HUTCHINSON, Kansas -- Storm chasing can be dangerous even if you know what you're doing.
Huge hail can hammer your vehicle and high winds can try to tip it over, but a Hutchinson man plans to take on mother nature with a storm tank-- all in an effort to research tornadoes.
Storm chaser Steve Worthington has been chasing storms in a black Chevy Tahoe for many years now with the love of his life Stacey Valentine riding shot gun.
But the Tahoe could only ride out the storms for so long.
"Hail broke the windows, damaged to the body things like that," said Worthington, founder of Extreme StormChasers. "It was time to do something that could withstand the abuse that we were going to put it through."
So Worthington came up with a plan by building a storm tank.
He calls it the urban tornado assault vehicle.
"You just don't see something like this sitting around everyday," said Worthington. "We have a lot of people ask us what is this?"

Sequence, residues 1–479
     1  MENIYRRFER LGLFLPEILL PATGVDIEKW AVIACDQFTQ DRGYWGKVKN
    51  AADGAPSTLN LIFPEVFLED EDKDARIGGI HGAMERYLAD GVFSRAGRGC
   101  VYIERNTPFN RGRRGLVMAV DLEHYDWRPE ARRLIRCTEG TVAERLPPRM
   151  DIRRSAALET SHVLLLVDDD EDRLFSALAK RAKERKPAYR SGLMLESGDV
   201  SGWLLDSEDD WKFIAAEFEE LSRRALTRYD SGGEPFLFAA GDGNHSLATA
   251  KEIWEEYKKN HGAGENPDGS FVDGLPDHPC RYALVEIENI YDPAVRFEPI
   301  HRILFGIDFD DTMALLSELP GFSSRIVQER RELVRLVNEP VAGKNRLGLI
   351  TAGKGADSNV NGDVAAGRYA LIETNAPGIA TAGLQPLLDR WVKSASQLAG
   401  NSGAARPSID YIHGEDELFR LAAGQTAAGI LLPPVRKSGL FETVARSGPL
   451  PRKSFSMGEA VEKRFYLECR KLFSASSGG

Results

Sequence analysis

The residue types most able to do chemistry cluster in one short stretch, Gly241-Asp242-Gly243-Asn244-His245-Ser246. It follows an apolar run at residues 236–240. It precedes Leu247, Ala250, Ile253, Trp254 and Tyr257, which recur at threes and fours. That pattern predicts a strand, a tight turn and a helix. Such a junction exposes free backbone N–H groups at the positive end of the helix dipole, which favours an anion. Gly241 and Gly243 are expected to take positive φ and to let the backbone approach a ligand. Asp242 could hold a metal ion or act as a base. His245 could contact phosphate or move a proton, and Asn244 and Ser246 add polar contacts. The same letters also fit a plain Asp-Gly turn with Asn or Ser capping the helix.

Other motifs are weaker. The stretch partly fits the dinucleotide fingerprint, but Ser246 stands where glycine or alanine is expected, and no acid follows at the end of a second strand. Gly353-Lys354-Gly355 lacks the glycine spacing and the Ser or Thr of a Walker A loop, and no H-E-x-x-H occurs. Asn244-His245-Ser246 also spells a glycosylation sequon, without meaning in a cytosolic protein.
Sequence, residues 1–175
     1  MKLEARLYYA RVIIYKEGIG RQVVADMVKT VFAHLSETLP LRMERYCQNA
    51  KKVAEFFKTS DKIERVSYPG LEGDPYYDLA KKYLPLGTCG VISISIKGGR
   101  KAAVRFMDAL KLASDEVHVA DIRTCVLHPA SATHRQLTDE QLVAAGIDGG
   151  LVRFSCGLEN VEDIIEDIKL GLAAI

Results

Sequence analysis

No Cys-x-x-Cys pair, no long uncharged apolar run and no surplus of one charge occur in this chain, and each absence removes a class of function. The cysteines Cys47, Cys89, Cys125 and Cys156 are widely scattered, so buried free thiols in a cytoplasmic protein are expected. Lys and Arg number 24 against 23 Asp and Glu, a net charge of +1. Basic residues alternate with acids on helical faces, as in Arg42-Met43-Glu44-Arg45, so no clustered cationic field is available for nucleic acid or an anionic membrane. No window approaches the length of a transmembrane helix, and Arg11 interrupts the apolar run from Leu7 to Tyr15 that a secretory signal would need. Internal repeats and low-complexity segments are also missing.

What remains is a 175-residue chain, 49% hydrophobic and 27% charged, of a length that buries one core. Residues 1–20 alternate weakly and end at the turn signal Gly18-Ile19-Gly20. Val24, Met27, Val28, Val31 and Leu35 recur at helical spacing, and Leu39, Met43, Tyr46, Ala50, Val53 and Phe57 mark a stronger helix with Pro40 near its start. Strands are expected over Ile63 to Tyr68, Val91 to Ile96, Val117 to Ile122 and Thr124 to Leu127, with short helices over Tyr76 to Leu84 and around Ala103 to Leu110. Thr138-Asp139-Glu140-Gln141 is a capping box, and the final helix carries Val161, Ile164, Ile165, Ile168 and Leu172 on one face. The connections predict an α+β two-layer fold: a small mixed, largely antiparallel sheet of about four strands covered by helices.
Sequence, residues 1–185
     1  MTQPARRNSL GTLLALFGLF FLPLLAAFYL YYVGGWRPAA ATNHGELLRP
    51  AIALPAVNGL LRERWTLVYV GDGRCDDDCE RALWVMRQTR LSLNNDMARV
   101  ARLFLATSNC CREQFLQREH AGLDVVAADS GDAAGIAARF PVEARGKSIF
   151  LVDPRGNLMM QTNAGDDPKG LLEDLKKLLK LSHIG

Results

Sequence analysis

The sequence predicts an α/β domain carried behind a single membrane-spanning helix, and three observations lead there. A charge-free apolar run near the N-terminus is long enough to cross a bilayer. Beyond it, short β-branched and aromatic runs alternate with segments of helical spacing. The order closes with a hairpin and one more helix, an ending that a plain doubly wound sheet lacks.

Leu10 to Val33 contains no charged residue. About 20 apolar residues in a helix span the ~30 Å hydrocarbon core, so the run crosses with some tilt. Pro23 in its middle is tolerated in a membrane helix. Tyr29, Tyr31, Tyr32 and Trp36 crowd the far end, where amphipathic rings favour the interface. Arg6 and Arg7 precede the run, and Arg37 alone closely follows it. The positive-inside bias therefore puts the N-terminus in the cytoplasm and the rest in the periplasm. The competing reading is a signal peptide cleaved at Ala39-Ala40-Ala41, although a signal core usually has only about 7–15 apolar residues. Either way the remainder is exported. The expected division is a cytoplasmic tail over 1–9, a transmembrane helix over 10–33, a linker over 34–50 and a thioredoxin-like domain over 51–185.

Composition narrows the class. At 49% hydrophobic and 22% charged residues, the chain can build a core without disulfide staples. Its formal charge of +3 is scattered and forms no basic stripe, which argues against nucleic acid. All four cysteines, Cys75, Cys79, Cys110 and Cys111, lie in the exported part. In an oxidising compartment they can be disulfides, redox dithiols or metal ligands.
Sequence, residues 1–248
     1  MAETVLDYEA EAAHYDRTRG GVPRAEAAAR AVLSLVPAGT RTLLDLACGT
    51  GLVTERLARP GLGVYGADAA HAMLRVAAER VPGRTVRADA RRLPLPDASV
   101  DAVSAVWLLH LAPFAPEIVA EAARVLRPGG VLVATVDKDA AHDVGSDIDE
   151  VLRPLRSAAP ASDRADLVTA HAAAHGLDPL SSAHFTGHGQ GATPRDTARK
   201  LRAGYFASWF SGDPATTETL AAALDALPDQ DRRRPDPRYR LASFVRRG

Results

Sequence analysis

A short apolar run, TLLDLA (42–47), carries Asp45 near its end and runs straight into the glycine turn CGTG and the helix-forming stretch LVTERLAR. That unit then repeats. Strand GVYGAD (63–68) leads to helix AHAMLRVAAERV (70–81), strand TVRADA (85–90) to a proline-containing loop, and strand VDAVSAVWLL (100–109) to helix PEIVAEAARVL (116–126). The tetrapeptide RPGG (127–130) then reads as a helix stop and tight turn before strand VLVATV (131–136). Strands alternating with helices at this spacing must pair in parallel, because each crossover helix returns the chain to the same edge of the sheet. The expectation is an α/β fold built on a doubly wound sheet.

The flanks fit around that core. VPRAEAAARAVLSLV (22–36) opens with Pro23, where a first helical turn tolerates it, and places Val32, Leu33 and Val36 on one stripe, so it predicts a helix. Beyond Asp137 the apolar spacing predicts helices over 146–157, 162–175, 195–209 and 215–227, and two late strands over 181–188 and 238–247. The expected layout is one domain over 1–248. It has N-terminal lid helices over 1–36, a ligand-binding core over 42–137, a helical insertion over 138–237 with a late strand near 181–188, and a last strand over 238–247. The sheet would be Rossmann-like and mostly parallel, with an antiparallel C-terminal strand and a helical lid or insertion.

The vehicle is resistant to some damage like hail with bullet proof windows, welded steel to cover the body, air ride suspensions so it can lower and spike to the ground.
But KSN's Chief Meteorologist Dave Freeman worries about the idea.
"Modifications can be made to strengthen the vehicle, but when a vehicle is picked up and thrown a mile away it's not going to have a happy ending," said Dave Freeman, Chief Meteorologist for KSN in Wichita, KS.
Worthington knows no vehicle is "storm proof" and warns against causal storm chasing.
"People need to find somebody that has experience that has the tools and equipment to do it properly," said Worthington.
Worthington and Valentine have already taken the UTAV on several storm chases this summer.
The couple tells KSN News they have receive offers to sell it for $100,000, but doesn't plan on selling it.
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